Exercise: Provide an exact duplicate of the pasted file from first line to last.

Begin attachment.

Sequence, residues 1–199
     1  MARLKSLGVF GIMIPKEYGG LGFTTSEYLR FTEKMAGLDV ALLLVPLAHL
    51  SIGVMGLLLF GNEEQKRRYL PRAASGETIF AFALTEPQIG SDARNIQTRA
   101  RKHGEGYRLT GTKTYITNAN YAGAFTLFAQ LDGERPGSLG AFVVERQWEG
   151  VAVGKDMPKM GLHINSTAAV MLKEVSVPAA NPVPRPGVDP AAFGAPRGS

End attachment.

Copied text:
Sequence, residues 1–199
     1  MARLKSLGVF GIMIPKEYGG LGFTTSEYLR FTEKMAGLDV ALLLVPLAHL
    51  SIGVMGLLLF GNEEQKRRYL PRAASGETIF AFALTEPQIG SDARNIQTRA
   101  RKHGEGYRLT GTKTYITNAN YAGAFTLFAQ LDGERPGSLG AFVVERQWEG
   151  VAVGKDMPKM GLHINSTAAV MLKEVSVPAA NPVPRPGVDP AAFGAPRGS